At the hospital, the doctor (tell) her that she had gotten dehydrated. So she (drink) lots of water and broth and (take) all the medicine the doctor (give) her. Finally she (be) better, and the doctor (let) her leave the hospital. Her sister (come) and (take) her home. She finally (leave) the hospital a week after she arrived. She (keep) telling her sister how glad she (feel) to go home!

After her illness, Marie (be) weaker. She could not walk around the swap meet anymore. Even when she just (sell) things she already (have), it (be) too hard for her. When she (stand) very long at her sales table, she (get) tired. So she (bring) a chair and (sit) while she worked. But she (find) that even driving to the swap meet and setting up her stand (make) her too tired. The doctor (say) to her, “If you want to get better, you need to stay home for a while.”

Marie stayed home and rested. She (read) books and (see) her favorite shows on T.V. She (get) cards from her friends that (hear) she had been sick. But after a week Marie (do) not want to read or watch T.V. anymore. She (be) bored.

Marie missed the people she (meet) at the swap meet. So she (get) a computer and (make) some friends online. She (tell) them, “Even if I can’t sell things, I can still talk to people!”
________________________


Jim (become) a teacher because he (understand) science and wanted to share it with others. As he (teach), he (find) that he (be) learning as much from his students about life as he (be) teaching them about science. He (write) to his mother, “I (begin) as an expert, and (think) I (know) a lot, but now I just want to learn more.”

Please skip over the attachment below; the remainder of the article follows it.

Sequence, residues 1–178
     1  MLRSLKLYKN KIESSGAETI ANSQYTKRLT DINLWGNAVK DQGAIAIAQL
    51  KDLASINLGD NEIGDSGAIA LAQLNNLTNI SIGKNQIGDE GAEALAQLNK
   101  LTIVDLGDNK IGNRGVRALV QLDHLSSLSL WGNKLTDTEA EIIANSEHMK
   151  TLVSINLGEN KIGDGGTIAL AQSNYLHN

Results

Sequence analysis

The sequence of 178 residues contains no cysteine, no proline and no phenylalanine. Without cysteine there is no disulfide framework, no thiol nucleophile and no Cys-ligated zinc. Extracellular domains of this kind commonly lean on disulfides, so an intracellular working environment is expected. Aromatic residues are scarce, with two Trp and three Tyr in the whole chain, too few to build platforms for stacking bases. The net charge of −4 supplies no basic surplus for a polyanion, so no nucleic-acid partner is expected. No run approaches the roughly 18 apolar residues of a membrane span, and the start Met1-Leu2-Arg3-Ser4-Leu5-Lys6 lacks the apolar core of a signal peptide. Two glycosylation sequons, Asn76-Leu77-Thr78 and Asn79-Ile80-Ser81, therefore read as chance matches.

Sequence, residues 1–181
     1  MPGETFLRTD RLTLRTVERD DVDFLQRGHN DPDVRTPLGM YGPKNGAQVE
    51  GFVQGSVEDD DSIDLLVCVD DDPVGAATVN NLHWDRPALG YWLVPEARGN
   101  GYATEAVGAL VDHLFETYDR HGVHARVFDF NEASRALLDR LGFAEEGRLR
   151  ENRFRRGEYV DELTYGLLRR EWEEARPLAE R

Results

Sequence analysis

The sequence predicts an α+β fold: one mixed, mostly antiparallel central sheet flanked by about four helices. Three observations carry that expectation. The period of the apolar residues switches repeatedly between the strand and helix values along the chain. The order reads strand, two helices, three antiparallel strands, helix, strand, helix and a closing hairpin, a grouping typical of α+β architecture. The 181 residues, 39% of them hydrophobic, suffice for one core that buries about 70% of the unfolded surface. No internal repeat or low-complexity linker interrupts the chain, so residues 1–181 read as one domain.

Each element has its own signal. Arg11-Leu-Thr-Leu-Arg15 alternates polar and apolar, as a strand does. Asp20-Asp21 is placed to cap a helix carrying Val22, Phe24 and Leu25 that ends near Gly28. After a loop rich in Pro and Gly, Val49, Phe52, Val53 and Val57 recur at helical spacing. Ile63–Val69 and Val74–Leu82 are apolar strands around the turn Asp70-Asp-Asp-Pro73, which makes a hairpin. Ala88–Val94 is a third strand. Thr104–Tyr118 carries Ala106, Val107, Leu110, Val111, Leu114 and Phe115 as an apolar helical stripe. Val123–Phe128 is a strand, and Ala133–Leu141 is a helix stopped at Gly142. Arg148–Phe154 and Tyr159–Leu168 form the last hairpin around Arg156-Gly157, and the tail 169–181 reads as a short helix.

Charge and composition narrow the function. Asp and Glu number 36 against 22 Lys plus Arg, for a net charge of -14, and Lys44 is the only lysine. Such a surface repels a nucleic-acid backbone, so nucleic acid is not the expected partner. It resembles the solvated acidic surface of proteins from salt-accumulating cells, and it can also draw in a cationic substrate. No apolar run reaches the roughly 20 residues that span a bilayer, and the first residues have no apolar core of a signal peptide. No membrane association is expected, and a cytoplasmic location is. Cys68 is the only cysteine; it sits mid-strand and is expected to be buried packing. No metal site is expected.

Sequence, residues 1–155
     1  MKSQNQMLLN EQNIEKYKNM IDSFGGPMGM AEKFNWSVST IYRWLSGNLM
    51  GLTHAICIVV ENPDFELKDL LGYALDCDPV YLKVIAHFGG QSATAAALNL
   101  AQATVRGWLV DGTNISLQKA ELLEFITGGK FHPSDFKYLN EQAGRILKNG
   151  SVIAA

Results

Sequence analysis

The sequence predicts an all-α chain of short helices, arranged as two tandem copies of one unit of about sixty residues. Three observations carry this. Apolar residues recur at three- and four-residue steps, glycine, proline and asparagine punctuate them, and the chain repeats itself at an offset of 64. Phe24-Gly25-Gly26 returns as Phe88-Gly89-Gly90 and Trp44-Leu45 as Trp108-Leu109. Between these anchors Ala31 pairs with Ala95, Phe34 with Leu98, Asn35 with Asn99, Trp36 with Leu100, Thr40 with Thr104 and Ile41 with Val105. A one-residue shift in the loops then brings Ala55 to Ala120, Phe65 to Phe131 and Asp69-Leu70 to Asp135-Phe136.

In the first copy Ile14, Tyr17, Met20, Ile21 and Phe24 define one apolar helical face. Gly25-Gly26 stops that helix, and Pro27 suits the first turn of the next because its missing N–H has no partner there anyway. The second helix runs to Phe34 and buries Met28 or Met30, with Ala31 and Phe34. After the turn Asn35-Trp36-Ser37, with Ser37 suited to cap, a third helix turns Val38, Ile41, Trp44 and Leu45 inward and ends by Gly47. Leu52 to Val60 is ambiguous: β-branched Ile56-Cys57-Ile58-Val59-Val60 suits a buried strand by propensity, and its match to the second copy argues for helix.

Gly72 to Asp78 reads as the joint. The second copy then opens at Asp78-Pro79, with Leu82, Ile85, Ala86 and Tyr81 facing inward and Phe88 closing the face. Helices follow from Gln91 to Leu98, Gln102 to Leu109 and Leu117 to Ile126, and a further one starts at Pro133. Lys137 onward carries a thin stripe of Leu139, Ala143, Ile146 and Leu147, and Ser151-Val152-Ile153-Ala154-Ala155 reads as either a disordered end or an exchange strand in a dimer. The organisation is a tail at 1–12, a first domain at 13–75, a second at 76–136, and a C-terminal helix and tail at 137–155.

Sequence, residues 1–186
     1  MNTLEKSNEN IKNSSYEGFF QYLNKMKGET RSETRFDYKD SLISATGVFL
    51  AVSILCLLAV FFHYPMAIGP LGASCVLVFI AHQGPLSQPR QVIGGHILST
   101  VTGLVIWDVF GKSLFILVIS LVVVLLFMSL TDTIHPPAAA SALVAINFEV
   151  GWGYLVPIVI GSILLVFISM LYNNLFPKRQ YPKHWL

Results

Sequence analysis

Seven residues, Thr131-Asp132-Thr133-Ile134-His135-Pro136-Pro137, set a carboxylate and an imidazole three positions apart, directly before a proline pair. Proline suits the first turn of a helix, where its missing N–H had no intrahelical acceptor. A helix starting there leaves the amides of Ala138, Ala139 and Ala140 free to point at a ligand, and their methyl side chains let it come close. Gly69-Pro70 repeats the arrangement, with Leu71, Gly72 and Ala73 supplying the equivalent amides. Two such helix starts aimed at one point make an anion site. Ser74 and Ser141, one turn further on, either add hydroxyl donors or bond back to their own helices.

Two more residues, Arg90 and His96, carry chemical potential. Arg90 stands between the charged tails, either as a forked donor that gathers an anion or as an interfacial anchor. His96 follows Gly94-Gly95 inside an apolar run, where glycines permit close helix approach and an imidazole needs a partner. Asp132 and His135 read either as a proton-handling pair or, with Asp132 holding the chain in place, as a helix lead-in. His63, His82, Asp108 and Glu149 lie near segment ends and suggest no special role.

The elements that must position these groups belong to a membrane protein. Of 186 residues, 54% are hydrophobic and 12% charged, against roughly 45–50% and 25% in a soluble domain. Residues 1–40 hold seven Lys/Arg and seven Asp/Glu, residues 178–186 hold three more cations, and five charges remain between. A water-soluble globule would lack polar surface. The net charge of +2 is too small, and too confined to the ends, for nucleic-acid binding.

Jim (has) a hobby. He liked to box. He (fight) with other amateur (non-professional) boxers, and he often (win.) He stopped boxing after another boxer hit him near the eye and (cut) his face badly. His trainer (hold) a clean cloth next to his face to stop the bleeding. But after that he (find) a new hobby!

Jim had lots of energy. So he (run) a marathon, (grow) a vegetable garden, and (put) many hours into his school’s science fair. The state science fair commission (send) his school an award because so many students (do) experiments for the fair, and three (win) blue medals at the state competition. But Jim decided his favorite activity of all was helping the scout troop he (lead.)

For an organized way of remembering these verbs (and over 30 others-- all the common irregular past tense verbs), as well as their past participles, see 12 Lists for Irregular Verbs in the Past Tense. Irregular Past Particles gives an alphabetical list of just the past participles that are different from their simple past forms. It also gives lots of examples of how to use them.

If you want an even more complete listing of even very uncommon irregular verbs (as well as flash cards and practice exercises), at English Page Complete Irregulars List.

Practice Irregular Past Tense Verbs has more gap-fill practice like this page, but in a discussion of the history of U.S. immigration.